Marburg Virus Outbreak Ghana: Ghana declares first outbreak of deadly Marburg virus- Check Symptoms

 Marburg Virus Outbreak Ghana: Ghana declares first outbreak of deadly Marburg virus- Check Symptoms

Marburg Virus Outbreak Ghana: Ghana has reported its first Marburg virus outbreak. The two patients now deceased had shown Marburg virus symptoms including fever, diarrhea, nausea and vomiting. Know about Marburg virus symptoms, origin, treatment and how it spreads here. 

Marburg Virus Outbreak Ghana: Ghana, a country in West Africa, has officially confirmed two cases of the deadly Marburg virus. The two patients, both deceased, tested positive for the highly infectious virus in southern Ashanti region of Ghana. 

The World Health Organization (WHO) confirmed the same in a statement on July 17, 2022. The organisation added that more than 90 contacts of the patients are being monitored presently. The two Malburg cases in Ghana were unrelated.

Marburg is a highly infectious viral hemorrhagic fever, which belongs to the same family as the Ebola virus disease.  It has a fatality ratio of up to 88 percent. Marburg virus symptoms include high fever, severe headache and malaise. WHO noted that the illness begins abruptly. 

WHO further confirmed that containment measures are being put in place and more resources will be deployed soon in response to the Marburg Virus outbreak in Ghana. This is the first such outbreak in the Western African country and second time that the deadly Marburg virus has been detected in the region. 

Marburg Virus Outbreak Ghana 

The two patients, both deceased and unrelated had shown Marburg virus symptoms including fever, diarrhea, nausea and vomiting. 

Their samples were sent to Institut Pasteur in Senegal, a World Health Organization (WHO) Collaborating Centre for confirmation as per the standard procedure. The laboratory then corroborated the results from the Noguchi Memorial Institute for Medical Research.

The results suggested that the illness of the two patients was due to the deadly Marburg virus.

One patient was a 26-year-old man who got admitted to a district hospital in Ashanti region on June 26th and died on June 27th.

The other patient was a 51-year-old male who reported to the same hospital on June 28th and died on the same day.

Both the patients had sought treatment at the same hospital within days of each other.

More than 90 contacts of the two patients including community members and health workers have been identified and are being monitored.

Dr. Francis Kasolo, World Health Organization (WHO) Representative in Ghana said, “We are working closely with the country to ramp up detection, track contacts, be ready to control the spread of the virus.”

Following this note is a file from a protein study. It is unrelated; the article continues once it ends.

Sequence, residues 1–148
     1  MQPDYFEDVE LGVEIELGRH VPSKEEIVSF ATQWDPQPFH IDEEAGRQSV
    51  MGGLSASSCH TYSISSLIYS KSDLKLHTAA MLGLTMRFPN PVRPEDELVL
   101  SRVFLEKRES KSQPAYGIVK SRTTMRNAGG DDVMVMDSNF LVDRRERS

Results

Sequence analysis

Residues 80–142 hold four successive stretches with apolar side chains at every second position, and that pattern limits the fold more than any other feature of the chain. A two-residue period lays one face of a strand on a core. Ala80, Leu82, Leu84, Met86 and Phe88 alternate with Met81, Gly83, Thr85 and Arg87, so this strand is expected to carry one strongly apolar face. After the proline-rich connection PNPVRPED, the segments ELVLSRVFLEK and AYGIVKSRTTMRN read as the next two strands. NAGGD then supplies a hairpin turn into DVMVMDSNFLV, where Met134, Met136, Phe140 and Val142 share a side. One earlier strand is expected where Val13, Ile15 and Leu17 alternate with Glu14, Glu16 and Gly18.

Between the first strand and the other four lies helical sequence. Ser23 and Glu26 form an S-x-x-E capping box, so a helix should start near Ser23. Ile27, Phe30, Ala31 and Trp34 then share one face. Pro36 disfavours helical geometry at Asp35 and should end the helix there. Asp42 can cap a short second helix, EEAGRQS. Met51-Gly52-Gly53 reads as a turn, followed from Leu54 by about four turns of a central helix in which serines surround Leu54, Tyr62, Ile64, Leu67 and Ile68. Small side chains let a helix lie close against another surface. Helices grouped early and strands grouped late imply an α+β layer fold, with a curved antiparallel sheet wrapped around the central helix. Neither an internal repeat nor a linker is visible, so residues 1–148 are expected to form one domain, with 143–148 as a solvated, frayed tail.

Marburg Virus Outbreak Ghana: Containment Measures

The World Health Organisation is deploying experts to support Ghana’s health authorities by increasing disease surveillance by testing and tracing contacts and preparing to treat possible patients. WHO is also working with communities to alert and educate them about the risks and dangers of the disease. 

What is Marburg virus?

The Marburg virus disease is an extremely infectious hemorrhagic fever that belongs to the same family as Ebola virus. 

Marburg Virus Spread: How does Marburg virus spread?

The Marburg virus spreads to people through fruit bats. The Marburg virus human-to-human transmission takes place through direct contact with bodily fluids of infected people and surfaces. The virus has an incubation period of two to 21 days.

The Marburg virus can spread through prolonged exposure to caves or mines that are inhabited by Rousettus bat colonies. Once a person is infected, the virus can spread from human-to-human contact through blood, bodily fluids, broken skin, secretions, organs or surfaces such as clothing and bedding contaminated by the infected person

Marburg Virus symptoms

The major symptoms of the Marburg virus include-

High Fever

Severe Headache


Muscle aches




Abdominal pain



Marburg Virus severity 

The Marburg virus case fatality rates vary from 24 percent to 88 percent in the past outbreaks depending on virus strain and case management. The patients reportedly die between 8 to 9 days after the onset of the symptoms in cases of severe hemorrhagic cases.

Marburg Virus previous outbreaks

There have been previous outbreaks of Marburg in Africa in Angola, Kenya, the Democratic Republic of the Congo, South Africa and Uganda.

Marburg Virus treatment

There are Marburg virus vaccine or antiviral treatments that have been approved to treat the virus. The Marburg virus cases are presently treated with supportive care and treatment of specific symptoms.

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